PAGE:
But Protestants denied the existence of Purgatory. This means the ghost may be a demon from hell, which is why Hamlet wonders if the spirit is a "goblin damned" (1.4.44). So what is Hamlet —Protestant or Catholic?
Protestant. Hamlet's chilling in Denmark, which is definitely Protestant nation, and he goes to the University of Wittenberg (where all the cool kids go), which was Martin Luther's university and also home to the church door he so famously nailed his theses to. This means the ghost could possibly be a devil that has come to tempt him and is, therefore, not telling the truth about Old Hamlet's murder.
There's a famous passage in the Christian Bible, from Romans, xii, 19: "Avenge not yourselves […] vengeance is mine, I will repay, saith the Lord."
Translation: It's not man's place to take vengeance on anyone, period. That's God's job. Plus, everyone knows that murder is a sin. Shakespeare's inclusion of Christian morality doesn't necessarily square with the basic tenets of revenge tragedy, which calls for bloody vengeance. (See "Genre" for more on this.)
At work in Hamlet is also the notion of the old, pagan revenge code that says when someone kills your father, you have to get your revenge on. Which, of course, means that person's kid will eventually kill you, and so on and so on ad infinitum until everybody dies and entire families are wiped out. What does that mean? Hamlet is a Christian hero with a pagan duty. Pretty confusing, whether you're 13 or 30.
We're not kidding. Some people say that you can't answer the question of why Hamlet delays seeking revenge because there is no answer. Stop trying to preserve the play's integrity and/or psychological accuracy, because there isn't any to be preserved. Who thought this? Oh, just super famous author Voltaire. And super famous poet T. S. Eliot.
According to this school of thought, Hamlet is only "mysterious" to us because he's a poorly drawn dramatic figure. Shakespeare didn't give him enough of a motive to make any sense of his behavior. But remember from your lesson in Historical Context that there's a Renaissance crisis going on at the time: nothing is supposed to make sense. Around 1600, everyone's confused about religion, geography, and the state of the universe. If a play doesn't make sense… maybe it's not supposed to. Hamlet is full of contradictions, inconsistencies, and uncertainties —just like the rest of the world at the time.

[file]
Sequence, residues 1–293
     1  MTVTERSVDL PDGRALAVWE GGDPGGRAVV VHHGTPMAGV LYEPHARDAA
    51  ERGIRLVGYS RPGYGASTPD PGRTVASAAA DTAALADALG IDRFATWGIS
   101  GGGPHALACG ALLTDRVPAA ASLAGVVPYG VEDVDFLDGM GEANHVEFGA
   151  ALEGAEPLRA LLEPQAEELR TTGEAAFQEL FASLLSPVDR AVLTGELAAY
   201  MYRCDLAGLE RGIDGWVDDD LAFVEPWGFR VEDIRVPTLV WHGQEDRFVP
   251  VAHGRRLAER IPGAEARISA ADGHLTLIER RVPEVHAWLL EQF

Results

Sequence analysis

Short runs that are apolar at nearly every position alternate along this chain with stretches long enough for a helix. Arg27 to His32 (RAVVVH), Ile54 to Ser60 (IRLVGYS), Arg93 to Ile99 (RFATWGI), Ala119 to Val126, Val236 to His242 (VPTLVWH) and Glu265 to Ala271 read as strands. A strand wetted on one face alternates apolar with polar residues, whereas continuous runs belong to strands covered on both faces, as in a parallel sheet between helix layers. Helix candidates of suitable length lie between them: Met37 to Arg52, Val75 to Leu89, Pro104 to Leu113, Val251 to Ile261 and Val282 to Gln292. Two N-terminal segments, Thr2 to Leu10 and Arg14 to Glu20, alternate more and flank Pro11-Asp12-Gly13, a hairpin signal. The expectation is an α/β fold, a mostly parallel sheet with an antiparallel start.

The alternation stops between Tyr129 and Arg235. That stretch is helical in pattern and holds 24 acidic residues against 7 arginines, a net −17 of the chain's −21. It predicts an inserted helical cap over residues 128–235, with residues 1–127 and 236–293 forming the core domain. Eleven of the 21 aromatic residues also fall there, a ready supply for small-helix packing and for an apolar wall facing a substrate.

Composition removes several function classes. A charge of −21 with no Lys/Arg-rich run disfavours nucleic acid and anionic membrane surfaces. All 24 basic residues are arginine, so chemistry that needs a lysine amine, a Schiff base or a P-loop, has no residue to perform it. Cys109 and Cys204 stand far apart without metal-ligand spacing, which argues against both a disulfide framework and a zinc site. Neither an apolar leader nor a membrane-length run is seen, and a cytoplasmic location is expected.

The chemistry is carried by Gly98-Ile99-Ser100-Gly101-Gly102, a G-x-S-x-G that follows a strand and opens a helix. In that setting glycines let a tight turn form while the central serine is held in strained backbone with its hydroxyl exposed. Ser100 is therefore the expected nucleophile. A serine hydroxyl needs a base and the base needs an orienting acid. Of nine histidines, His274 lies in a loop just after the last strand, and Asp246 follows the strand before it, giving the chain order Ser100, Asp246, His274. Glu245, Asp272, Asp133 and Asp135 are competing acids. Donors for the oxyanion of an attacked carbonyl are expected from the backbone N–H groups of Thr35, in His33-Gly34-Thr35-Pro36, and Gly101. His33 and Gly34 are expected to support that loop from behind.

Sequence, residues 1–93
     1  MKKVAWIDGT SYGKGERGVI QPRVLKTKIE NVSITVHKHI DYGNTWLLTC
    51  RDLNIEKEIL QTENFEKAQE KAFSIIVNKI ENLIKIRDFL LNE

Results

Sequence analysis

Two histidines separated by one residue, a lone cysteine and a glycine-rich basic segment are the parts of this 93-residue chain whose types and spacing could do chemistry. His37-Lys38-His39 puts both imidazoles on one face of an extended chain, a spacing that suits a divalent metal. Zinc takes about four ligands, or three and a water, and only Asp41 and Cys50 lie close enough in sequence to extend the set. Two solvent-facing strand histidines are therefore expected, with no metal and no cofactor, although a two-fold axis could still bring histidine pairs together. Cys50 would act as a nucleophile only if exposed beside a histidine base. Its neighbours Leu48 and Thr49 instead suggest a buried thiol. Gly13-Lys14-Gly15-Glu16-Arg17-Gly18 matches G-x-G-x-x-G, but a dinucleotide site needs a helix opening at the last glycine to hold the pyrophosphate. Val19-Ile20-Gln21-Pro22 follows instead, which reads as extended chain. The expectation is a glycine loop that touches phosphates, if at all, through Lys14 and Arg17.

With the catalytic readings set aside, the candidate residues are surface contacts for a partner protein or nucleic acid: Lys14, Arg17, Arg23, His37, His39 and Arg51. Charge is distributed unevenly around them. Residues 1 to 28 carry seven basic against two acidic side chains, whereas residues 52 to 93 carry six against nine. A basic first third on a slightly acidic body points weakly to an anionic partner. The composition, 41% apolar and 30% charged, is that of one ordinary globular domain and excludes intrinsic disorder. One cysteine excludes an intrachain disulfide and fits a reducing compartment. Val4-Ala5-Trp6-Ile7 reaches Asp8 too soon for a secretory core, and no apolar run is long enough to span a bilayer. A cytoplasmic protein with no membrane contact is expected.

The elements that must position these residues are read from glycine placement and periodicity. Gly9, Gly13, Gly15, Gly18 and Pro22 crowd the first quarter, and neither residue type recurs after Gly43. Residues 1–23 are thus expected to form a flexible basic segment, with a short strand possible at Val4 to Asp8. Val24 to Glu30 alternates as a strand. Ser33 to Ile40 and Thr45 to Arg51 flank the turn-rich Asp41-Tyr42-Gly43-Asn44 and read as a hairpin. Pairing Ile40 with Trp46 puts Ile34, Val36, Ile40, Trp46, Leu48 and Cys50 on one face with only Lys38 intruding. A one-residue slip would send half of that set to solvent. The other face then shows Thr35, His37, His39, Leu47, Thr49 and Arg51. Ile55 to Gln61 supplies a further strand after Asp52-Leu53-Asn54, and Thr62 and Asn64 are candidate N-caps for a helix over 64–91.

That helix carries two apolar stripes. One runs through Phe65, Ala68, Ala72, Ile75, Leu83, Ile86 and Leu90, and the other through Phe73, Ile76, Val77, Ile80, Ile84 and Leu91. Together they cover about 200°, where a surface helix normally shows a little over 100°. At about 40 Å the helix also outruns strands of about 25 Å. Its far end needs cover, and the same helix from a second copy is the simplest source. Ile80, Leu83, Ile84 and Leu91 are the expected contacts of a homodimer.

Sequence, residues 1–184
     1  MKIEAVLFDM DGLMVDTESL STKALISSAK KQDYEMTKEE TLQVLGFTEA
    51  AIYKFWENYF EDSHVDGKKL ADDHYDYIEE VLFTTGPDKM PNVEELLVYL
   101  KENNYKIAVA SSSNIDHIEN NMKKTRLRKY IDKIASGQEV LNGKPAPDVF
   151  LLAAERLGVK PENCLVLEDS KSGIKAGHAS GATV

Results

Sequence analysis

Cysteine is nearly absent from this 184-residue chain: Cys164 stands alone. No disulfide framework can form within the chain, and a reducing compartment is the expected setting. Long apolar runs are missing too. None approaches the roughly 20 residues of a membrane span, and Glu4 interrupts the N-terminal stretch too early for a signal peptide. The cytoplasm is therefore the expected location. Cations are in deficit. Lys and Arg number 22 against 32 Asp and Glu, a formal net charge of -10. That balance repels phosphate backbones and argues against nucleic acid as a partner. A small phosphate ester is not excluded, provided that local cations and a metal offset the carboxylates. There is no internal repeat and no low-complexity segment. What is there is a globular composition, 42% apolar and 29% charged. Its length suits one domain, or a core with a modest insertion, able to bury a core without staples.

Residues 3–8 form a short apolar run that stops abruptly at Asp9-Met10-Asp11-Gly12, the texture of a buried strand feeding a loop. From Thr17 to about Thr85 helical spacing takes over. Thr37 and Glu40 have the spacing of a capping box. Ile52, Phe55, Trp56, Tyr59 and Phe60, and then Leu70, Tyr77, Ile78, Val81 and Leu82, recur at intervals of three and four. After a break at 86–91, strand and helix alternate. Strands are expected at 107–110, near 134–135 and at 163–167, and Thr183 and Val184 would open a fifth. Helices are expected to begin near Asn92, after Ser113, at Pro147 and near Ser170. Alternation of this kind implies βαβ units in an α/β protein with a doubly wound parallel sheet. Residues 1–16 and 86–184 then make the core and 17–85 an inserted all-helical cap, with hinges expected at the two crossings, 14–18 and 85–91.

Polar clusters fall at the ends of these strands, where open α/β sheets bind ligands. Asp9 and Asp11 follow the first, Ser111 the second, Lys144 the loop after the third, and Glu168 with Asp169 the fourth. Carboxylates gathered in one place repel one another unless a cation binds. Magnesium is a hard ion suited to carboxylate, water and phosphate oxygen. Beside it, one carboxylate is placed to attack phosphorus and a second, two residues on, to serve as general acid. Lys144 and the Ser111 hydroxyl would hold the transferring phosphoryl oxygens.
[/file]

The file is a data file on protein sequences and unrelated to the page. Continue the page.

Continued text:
Some people believe Hamlet is, in some ways, a re-telling of Oedipus the King by Sophocles. Doesn't ring a bell? Oedipus was an ancient Greek king who, according to legend, was fated to kill his father and marry his mother. Fast-forward to the late 19th or early 20th century, and you've got Sigmund Freud going around talking about the "Oedipus Complex," which basically says every man wants to do what Oedipus did. Sure, Freud came around a few hundred years after Hamlet —but since Oedipus the King was written in the 400s B.C., it's safe to say that it's an old idea.
Bear with us on this for a minute. Let's say Hamlet does suffer from an Oedipus Complex. If this is true, then Claudius has done what Hamlet wants to do: kill King Hamlet (senior), and sleep with Gertrude. Hamlet can't kill Claudius, because secretly, he wants to be Claudius. If you want to add some weight to this theory, check out all those scenes where Hamlet displays a gnawing obsession with his mother's sexuality, down to the tiny details in his imaginings of her and Claudius getting it on. Also, think about it this way: if Claudius is in a way like Hamlet, then killing Claudius would be like killing himself. Revenge would be like suicide, which is why the two get so mixed-up, and why Hamlet has the same feelings about both.
When you put it like that, it sounds pretty convincing, right?
Regardless of what school of thought you subscribe to, there is no question that Hamlet is one of the most complex, compelling, and fascinating characters in literary history. Shakespeare created a hero whose inner thoughts and quandaries dominate the audience's experience of him… and literature hasn't been the same since.